Egypt: 4 Reasons to Love 2011

[Photo by Lara Gerges.] 2011 Was a challenging year in Egypt. But as I read our newly published 2011 Annual Report, I was struck by how much we had to thank God for. Here are my top four:

 

 #1 – We didn’t let the security situation in Egypt stop us. 

Thanks largely goes to our faithful Volunteer Reps, the backbone of Coptic Orphans and 90% of our total workforce. They provided tutors to children who were homebound. They provided new locks on doors and windows for families. They saved young girls from marriage. Our Volunteer Reps did it all with courage and ingenuity.

#2 – 50% of children in Coptic Orphans now have sponsors—a 28% increase from the previous year. 

Sponsorship provides a personal, loving connection that children in Egypt vitally need. Sponsors send letters of encouragement, special gifts, and even visit their sponsored children in Egypt. Sponsor support will allow us to meet the tremendous demand of children waiting to become part of our program in 2012. We will double the number of new children over previous years, with 2,000 new participants.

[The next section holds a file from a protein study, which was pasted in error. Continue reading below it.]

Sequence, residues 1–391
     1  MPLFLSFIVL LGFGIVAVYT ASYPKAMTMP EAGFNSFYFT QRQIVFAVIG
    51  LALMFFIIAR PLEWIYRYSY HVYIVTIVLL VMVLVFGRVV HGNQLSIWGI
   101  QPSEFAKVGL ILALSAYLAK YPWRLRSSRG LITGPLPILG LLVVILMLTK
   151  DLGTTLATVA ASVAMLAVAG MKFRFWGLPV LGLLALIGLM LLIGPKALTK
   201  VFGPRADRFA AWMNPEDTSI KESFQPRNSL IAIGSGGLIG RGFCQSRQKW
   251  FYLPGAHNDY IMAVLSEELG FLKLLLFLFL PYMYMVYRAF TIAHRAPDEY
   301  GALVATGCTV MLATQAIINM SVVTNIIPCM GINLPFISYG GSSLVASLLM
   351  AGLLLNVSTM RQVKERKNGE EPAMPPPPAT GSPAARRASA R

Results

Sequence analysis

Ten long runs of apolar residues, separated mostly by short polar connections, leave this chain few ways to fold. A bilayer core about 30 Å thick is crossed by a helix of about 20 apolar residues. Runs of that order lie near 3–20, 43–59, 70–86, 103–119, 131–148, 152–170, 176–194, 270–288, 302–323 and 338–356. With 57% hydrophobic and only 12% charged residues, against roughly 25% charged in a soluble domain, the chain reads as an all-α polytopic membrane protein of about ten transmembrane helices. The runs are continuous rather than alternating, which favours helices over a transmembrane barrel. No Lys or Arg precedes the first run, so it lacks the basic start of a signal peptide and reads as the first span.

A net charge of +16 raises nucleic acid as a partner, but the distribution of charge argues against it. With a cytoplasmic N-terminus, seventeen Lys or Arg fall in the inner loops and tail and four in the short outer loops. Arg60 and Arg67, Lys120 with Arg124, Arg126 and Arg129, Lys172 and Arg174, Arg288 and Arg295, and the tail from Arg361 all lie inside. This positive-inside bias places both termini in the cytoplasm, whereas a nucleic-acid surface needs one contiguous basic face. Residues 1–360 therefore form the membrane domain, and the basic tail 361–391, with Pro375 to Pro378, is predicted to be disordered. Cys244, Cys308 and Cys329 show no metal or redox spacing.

#3 – Egyptian widows earned 140,000 Egyptian Pounds (about $23,000 USD) through our new microcredit program. 

For Egyptian widows who were stigmatized by society simply because they lost their husbands, our new microloan program, B’edeya, gave them their own businesses and a means to support their families. Dignity through work was a priceless gift!

#4 – 87% of expenses went directly to field programs in Egypt.

That means that Coptic Orphans spent only 8% on administrative expenses and only 5% for fundraising. We cared about being good stewards of what we were given.

Egypt weathered great storms in 2011. But through your support, there was much to love and to thank God for during a turbulent year. And there’s more — check out our 2011 Annual Report.

Question: What one thing stood out for you most about 2011 in the Annual Report?

About Nermien Riad

Nermien Riad founded Coptic Orphans in 1988 after volunteering for an orphanage in Cairo. When she saw that most of the children had living widowed mothers who simply couldn’t afford to feed them, she gathered family and friends to sponsor children in Egypt. Today Coptic Orphans works through a network of 400+ church-based volunteers in Egypt, who visit fatherless families in their homes and make sure they get everything they need to unlock their full potential. That way, they don’t have to get married off as child brides, work as 10-year old family breadwinners, or go to live at an institutional orphanage.